(C) 2015 Ruben Gutzat. Photograph: Solmaz Farhang

Towards a sustainable Alpine Space Programme: Behavioural and physiological responses of a goat (Capra hircus) to microgravity

Ruben Gutzat
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Mountains and space both evoke desires that makes us human: The desire for dreaming, standing on top of our mundane world from which we anticipate new perspectives and new visions for the future.
Mountains and space humble us in their vastness, dangerousness and inaccessibility. Barren land and hostile to live, they allow us a glimpse into deep time. Mountains have to be climbed because they are there. Space has to be explored because it surrounds us. Our Earth is a tiny, fragile planet, exposed at the edge of the Milky Way, on the outskirts of the galaxy super-cluster Laniakea.

The genus Homo exists for 1.5 million years. For approximately 30,000 years our own species, Homo sapiens, inhabits the Alps. Alan Turing fathered computer science with a seminal 1936 paper about the lifetime of Homo sapiens. 79 years later we have managed to put a small laboratory on a comet 500 million kilometres away, we can simulate conditions close to the Big Bang with a machine that is 27km in circumference, we can sequence a human genome overnight and we can create artificial bacteria. The question is not whether we will travel into space but when. Travelling (even only) within our solar system will take many years making it necessary to maintain sustainable agriculture on board the spaceship. During the journey we will depend on livestock for health, comfort, food, fertiliser and biogas. Among the most hardy, adaptive and earliest domesticated animals are goats. Goats also have relatively low protein conversion rates and they produce biogas and high quality milk.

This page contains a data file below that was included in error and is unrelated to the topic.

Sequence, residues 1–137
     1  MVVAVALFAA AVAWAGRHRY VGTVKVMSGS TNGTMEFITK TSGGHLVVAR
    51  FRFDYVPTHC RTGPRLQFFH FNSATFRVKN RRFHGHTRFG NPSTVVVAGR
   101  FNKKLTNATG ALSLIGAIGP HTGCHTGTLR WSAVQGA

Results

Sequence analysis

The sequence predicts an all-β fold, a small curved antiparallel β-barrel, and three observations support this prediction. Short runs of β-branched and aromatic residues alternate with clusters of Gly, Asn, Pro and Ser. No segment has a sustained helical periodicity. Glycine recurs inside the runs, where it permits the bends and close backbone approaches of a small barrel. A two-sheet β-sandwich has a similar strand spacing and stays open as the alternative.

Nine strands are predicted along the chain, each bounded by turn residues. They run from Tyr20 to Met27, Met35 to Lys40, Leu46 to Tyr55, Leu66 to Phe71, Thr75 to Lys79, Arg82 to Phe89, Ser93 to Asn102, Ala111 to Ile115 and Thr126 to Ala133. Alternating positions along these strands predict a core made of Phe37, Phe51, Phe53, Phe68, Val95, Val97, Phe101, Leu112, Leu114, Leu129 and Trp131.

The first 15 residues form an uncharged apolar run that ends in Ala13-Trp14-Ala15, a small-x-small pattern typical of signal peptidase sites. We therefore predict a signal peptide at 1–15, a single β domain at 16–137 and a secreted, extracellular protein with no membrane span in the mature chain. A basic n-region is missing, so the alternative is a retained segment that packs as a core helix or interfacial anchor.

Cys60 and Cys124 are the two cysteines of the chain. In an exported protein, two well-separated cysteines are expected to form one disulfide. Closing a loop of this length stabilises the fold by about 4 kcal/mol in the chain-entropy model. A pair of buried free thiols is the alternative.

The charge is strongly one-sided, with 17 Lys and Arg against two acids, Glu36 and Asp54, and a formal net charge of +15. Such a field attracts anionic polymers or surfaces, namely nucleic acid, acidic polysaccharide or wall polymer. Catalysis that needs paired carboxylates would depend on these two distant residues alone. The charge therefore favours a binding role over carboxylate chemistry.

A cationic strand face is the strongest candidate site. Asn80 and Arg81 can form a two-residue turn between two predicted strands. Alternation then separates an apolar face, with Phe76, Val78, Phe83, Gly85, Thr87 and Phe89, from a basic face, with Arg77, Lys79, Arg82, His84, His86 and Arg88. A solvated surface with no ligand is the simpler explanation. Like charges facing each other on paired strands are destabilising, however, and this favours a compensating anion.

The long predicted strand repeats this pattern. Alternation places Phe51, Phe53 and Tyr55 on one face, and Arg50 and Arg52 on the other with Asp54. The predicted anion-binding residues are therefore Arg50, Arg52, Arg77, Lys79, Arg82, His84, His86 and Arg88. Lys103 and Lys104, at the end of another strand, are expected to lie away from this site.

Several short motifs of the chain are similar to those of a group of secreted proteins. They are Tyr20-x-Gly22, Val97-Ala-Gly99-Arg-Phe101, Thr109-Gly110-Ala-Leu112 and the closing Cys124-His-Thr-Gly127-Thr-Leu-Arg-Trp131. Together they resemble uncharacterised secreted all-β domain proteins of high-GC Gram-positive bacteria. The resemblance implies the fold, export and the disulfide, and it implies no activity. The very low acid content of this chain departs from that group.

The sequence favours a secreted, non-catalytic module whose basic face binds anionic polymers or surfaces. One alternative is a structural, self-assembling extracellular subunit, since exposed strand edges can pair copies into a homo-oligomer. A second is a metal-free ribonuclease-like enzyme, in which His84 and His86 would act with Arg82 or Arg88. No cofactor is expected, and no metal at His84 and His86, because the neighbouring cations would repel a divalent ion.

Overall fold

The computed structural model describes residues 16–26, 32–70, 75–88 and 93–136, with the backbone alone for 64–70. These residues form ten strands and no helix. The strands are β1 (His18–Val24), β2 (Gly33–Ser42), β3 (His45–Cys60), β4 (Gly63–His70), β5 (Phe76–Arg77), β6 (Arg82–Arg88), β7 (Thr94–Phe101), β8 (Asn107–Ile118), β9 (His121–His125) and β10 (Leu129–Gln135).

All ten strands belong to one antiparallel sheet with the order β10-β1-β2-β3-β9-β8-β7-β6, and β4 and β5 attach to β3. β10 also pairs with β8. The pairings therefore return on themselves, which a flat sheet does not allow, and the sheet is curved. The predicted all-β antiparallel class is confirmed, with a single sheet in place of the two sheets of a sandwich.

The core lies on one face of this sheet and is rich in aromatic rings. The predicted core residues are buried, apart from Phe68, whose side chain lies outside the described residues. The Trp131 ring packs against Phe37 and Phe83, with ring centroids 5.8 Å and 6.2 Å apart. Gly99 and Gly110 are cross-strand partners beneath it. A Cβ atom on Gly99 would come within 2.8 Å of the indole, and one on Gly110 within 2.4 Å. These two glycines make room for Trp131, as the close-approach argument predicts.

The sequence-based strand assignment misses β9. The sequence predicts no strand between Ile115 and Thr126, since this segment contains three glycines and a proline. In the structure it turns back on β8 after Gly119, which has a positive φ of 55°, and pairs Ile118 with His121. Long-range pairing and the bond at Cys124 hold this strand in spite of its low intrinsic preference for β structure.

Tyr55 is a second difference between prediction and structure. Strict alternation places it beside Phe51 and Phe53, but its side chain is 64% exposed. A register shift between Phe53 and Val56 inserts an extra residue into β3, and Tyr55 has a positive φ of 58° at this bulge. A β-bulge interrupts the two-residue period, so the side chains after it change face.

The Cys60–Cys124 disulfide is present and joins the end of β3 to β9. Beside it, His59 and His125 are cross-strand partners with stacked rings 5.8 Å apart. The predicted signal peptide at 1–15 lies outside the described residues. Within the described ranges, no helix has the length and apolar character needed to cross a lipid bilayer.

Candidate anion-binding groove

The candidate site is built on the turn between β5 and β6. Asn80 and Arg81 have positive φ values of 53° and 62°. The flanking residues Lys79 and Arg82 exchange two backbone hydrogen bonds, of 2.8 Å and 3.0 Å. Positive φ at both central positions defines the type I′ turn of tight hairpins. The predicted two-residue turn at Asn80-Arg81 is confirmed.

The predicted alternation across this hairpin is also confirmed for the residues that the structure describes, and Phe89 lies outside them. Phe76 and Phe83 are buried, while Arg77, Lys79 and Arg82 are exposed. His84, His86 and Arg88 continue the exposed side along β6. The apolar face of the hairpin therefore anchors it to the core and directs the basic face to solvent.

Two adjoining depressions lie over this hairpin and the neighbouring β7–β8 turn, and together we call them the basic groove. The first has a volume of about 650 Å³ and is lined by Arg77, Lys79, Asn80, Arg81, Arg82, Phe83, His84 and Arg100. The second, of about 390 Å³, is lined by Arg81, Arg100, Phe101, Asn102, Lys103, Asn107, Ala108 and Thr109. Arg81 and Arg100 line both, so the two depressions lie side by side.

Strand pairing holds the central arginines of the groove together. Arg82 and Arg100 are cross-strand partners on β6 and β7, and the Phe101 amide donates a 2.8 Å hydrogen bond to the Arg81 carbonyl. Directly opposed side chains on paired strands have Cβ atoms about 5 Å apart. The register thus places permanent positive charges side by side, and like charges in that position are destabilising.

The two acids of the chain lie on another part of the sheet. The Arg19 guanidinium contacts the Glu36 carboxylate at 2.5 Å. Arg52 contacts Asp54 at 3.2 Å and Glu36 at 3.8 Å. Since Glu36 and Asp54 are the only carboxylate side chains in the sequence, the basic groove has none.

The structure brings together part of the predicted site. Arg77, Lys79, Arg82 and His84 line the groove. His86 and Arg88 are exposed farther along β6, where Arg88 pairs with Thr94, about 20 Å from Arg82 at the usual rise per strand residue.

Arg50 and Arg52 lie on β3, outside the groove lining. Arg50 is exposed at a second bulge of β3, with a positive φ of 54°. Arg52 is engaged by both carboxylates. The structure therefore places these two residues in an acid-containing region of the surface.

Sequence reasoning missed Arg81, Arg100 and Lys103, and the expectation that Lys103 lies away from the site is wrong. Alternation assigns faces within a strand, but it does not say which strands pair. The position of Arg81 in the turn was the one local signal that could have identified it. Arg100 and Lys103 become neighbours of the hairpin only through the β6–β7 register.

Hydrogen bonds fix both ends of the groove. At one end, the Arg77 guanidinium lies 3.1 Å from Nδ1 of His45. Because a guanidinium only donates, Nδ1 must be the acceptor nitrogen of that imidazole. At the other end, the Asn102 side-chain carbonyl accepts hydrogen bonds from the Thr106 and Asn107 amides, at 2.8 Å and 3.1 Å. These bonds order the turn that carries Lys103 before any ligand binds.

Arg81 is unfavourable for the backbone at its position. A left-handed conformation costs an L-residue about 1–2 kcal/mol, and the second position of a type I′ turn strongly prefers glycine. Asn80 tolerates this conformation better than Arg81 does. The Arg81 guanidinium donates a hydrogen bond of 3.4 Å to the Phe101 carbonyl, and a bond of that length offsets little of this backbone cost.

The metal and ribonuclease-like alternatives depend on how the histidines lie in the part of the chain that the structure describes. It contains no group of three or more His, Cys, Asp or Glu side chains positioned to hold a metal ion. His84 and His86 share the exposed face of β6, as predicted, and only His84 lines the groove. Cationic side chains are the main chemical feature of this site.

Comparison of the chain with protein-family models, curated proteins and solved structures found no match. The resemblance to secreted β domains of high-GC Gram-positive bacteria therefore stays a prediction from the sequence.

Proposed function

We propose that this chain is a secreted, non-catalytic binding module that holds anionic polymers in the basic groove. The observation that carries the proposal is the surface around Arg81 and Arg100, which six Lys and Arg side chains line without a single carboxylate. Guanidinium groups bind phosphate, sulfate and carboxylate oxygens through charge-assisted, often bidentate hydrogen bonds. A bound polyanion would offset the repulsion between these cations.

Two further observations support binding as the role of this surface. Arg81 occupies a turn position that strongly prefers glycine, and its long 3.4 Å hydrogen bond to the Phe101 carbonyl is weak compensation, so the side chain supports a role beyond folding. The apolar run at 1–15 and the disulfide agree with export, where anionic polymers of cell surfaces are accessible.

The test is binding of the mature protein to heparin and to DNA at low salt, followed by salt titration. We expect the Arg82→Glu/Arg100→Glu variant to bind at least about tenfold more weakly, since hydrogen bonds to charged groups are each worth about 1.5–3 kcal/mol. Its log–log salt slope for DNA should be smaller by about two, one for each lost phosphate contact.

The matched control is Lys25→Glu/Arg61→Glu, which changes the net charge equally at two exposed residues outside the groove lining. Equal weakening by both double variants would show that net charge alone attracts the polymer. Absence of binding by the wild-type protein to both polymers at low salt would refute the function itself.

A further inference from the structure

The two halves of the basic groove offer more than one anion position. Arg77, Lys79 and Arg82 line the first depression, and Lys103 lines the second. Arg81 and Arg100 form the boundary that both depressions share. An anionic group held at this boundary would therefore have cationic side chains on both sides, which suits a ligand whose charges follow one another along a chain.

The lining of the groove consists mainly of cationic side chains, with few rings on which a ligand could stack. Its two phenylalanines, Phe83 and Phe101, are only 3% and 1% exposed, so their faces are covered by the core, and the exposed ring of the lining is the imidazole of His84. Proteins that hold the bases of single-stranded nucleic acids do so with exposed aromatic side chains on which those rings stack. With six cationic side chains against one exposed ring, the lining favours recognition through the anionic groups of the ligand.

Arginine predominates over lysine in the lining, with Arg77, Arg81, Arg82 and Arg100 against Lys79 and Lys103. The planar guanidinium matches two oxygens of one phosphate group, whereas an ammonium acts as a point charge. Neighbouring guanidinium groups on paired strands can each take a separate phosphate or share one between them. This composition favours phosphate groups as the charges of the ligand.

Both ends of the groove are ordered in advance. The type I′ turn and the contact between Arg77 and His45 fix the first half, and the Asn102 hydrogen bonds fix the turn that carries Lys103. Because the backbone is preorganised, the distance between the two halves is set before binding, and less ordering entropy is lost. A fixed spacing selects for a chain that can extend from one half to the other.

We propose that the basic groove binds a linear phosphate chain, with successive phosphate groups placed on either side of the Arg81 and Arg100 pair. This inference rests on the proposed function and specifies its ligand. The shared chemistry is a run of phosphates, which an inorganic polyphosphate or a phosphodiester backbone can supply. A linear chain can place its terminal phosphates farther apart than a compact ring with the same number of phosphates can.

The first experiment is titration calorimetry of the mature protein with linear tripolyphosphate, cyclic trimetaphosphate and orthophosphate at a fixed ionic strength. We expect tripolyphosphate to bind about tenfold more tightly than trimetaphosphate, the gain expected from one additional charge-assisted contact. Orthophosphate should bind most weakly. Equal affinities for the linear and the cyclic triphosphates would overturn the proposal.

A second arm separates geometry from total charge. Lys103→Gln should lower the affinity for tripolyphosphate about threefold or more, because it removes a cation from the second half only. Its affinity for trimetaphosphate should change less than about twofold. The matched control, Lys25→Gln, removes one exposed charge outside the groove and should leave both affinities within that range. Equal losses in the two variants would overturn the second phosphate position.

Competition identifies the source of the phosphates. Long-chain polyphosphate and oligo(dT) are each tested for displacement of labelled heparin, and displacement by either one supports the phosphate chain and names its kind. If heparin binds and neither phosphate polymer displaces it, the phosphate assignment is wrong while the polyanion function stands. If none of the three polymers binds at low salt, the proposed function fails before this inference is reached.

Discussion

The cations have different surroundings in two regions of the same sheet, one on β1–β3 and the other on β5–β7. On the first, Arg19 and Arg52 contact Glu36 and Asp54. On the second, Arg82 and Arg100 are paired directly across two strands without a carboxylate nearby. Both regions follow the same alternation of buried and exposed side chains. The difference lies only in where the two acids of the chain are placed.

In order to set a milestone and focus on sustainable, agriculture-centred rather than on humanised-computer-centric space travel I would like to propose that goats will be an integral part in space exploration. No human will ever be able to travel space without goats!

As a first step to demonstrate the suitability of goats for space travel we will test a goat in a zero gravity flight. During this flight all vital functions of the goat will be monitored and stress/joy levels, as well as influence on gut microbiota, biogas emissions and milk taste will be evaluated. This research will be of multilevel transnational value.

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Towards a sustainable Alpine Space Programme: Behavioural and physiological responses of a goat (Capra hircus) to microgravity
May 26, 2015